The Federal Court in Argentina has released 10 army officers accused of executing 22 prisoners almost two decades ago.
The new president has repealed laws protecting old regime members
The officers were arrested and indicted earlier this month for the killings, which took place shortly after a coup that ushered in a six-year military dictatorship.
Lawyers for the victims families say the officers were freed on a legal technicality.
The execution of the prisoners on the 13 December 1976 has become known as the Margarita Belen massacre.
It was one of the most notorious human rights abuses committed by Argentina's military dictatorship, which had come to power earlier that year.
So when 10 officers were arrested and indicted for the killings just three weeks ago, human rights organisations hailed it as a big step for justice.
But now, the federal court in Chaco province - where the executions took place - has freed them.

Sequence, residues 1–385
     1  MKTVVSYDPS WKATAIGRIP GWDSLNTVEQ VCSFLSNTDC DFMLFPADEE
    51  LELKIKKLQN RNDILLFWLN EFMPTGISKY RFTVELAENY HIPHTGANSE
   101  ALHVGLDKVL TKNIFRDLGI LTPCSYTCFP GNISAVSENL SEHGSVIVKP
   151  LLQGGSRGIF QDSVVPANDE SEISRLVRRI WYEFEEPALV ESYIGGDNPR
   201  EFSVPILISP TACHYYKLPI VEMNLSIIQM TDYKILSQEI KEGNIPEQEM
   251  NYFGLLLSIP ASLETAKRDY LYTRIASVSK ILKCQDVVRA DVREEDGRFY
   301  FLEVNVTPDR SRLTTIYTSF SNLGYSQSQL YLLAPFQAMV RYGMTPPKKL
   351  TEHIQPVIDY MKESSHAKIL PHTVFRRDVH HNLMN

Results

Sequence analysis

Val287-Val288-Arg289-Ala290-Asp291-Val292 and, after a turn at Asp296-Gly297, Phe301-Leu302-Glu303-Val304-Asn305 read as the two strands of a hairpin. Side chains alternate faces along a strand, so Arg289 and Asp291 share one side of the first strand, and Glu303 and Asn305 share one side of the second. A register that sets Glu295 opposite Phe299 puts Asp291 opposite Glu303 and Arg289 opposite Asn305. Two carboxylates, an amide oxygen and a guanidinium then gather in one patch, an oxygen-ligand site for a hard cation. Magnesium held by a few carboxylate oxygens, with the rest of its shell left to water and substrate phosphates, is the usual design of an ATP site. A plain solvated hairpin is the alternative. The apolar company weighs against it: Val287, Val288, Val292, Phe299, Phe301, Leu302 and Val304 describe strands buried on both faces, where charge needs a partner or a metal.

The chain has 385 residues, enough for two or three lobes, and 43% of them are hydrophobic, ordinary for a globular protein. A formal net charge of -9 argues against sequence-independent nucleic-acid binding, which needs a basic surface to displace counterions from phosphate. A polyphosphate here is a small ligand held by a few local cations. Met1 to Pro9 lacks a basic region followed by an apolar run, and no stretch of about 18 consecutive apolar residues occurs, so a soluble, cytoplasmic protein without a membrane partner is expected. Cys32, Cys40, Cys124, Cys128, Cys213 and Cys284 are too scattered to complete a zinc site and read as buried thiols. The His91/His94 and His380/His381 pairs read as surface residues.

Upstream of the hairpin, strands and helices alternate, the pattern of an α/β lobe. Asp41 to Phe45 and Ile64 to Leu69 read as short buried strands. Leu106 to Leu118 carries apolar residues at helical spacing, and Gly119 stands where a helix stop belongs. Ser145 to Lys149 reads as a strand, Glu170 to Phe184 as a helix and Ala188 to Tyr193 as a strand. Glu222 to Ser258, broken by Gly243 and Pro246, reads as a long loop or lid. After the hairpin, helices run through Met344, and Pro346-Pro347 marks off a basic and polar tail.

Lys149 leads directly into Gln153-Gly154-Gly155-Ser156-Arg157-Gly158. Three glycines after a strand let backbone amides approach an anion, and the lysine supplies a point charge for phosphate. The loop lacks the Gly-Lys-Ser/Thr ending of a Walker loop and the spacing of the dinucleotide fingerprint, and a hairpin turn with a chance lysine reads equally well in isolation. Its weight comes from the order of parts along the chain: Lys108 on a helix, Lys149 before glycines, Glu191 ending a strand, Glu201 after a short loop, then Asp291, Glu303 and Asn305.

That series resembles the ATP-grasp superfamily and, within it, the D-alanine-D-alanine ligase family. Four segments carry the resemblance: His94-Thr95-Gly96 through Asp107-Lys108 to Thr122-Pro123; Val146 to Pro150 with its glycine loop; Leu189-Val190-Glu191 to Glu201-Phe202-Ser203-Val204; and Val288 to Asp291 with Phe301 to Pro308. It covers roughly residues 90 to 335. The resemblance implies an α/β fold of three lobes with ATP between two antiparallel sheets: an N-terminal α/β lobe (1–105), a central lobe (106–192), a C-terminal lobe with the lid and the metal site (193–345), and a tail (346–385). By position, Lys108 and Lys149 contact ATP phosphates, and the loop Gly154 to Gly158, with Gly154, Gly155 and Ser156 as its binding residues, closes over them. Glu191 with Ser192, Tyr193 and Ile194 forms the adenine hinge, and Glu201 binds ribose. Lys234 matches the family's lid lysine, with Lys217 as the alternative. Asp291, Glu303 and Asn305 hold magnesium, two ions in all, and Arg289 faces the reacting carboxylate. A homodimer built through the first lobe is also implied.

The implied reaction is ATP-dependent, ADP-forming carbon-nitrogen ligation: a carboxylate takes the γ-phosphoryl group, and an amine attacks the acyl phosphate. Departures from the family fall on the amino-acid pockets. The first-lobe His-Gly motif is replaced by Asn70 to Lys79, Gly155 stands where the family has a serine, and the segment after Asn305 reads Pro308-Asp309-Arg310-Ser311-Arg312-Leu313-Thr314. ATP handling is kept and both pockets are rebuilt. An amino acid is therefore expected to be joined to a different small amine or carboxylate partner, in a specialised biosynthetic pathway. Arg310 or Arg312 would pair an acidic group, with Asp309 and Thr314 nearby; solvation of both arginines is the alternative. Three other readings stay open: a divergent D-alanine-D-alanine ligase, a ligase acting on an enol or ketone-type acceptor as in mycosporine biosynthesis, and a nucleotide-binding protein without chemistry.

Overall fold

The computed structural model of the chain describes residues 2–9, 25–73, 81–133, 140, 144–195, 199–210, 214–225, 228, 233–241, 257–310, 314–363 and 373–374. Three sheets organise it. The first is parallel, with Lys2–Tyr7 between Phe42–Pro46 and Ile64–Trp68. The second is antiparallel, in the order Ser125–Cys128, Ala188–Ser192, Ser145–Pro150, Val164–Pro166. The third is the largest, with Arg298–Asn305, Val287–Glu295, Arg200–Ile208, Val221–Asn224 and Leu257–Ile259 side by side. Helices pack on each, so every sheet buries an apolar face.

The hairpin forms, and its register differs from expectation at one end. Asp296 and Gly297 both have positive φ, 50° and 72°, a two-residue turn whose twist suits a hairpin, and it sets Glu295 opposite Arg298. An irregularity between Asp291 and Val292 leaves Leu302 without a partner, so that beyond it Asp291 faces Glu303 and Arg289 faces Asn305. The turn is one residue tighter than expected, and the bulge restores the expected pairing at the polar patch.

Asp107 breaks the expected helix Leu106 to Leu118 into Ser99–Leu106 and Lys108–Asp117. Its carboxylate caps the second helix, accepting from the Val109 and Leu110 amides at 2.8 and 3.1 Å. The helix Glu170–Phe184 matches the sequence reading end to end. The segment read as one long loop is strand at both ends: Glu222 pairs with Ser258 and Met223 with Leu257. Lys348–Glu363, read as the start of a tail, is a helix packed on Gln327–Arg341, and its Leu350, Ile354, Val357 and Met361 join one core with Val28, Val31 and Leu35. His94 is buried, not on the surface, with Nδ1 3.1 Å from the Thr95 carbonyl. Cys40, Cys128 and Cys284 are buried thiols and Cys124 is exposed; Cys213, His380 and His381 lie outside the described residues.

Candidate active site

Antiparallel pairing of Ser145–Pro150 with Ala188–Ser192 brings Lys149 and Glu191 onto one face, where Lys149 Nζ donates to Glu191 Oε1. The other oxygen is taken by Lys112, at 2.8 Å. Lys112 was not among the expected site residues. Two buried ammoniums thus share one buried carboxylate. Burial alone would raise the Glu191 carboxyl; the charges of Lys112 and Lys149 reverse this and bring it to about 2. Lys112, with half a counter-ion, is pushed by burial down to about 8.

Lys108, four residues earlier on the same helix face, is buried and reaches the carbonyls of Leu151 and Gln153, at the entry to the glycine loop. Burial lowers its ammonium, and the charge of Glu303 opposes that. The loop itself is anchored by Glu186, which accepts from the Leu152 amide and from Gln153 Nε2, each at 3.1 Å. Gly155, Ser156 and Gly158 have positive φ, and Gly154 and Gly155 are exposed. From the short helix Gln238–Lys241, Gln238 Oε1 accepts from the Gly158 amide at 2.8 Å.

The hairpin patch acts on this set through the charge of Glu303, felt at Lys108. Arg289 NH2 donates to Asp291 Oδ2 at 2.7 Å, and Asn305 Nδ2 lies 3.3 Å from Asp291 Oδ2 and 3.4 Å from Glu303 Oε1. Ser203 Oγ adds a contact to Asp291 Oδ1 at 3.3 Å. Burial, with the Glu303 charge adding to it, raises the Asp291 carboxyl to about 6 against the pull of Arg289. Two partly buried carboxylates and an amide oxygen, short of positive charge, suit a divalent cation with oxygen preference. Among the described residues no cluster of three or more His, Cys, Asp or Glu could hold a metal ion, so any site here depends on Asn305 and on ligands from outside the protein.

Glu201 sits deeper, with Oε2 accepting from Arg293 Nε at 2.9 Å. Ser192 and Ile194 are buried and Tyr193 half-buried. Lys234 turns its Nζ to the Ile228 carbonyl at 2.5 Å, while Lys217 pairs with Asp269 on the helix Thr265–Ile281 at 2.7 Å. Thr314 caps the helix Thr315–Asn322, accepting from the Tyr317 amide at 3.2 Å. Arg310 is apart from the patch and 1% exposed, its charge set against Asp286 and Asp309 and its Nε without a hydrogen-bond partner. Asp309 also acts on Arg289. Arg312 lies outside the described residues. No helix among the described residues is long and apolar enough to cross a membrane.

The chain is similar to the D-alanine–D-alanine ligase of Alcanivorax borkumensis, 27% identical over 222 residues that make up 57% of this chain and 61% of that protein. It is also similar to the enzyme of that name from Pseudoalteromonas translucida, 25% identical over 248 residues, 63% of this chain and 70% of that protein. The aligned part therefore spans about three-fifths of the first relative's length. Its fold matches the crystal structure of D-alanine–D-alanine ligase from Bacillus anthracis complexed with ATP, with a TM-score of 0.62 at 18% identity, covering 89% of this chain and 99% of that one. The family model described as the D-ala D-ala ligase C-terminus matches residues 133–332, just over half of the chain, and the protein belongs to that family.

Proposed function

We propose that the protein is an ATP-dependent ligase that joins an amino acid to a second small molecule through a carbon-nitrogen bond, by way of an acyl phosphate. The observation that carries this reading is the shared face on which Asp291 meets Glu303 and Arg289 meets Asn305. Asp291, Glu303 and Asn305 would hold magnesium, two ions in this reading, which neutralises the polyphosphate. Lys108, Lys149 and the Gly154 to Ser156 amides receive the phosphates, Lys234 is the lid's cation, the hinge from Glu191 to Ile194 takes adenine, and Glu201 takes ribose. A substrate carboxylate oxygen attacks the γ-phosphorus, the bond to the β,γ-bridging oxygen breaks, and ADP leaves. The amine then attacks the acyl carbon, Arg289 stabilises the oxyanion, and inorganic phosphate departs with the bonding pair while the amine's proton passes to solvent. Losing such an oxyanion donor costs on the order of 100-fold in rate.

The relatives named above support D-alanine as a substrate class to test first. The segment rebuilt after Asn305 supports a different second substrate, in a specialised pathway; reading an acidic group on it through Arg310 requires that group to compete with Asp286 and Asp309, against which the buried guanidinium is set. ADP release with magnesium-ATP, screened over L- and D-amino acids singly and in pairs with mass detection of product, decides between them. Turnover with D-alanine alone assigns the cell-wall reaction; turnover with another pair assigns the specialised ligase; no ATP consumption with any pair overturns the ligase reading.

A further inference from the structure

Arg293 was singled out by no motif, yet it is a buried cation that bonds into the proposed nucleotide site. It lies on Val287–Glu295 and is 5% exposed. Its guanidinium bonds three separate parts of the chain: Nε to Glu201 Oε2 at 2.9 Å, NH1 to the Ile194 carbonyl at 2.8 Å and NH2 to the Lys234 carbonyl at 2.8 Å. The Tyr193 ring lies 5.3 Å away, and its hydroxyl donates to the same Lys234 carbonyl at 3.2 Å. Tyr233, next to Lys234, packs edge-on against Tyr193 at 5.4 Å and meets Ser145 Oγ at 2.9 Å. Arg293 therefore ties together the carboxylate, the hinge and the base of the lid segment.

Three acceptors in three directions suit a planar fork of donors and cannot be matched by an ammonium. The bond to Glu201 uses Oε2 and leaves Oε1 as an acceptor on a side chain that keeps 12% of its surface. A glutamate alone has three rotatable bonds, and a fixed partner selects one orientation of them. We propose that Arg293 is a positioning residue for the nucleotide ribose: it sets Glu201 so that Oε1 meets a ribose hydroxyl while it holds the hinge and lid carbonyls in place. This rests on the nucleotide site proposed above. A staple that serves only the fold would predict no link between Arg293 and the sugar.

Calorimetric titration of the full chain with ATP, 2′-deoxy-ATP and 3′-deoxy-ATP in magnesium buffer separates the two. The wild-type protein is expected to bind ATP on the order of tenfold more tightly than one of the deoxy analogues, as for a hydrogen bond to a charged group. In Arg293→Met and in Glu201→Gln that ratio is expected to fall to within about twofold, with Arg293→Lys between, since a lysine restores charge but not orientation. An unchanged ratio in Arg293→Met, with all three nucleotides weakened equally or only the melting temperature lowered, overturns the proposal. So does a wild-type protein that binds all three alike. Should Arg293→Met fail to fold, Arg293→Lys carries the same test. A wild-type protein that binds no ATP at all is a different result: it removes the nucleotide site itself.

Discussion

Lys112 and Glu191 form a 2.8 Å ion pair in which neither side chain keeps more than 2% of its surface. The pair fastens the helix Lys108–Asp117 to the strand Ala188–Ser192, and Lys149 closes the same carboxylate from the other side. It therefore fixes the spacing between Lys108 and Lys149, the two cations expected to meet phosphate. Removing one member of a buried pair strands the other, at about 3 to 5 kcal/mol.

It ruled that it had no jurisdiction over the case.
Impunity 'not over'
However, it is not clear why jurisdiction is an issue. Mario Bosch, a lawyer for the victims families, has promised to appeal against the ruling.
He says two of the federal court judges who made the decision served under the old military dictatorship, and they have an obvious conflict of interest.
Up to 30,000 people were killed or disappeared in the Argentine military's campaign in the 1970s against what it called left-wing insurgents, in what was called the Dirty War.
Argentina's new president, Nestor Kirchner, opened the way for prosecutions like this when he repealed amnesty laws that protected members of the old regime.
Human rights groups say the latest release demonstrates that the fight against impunity still is not over.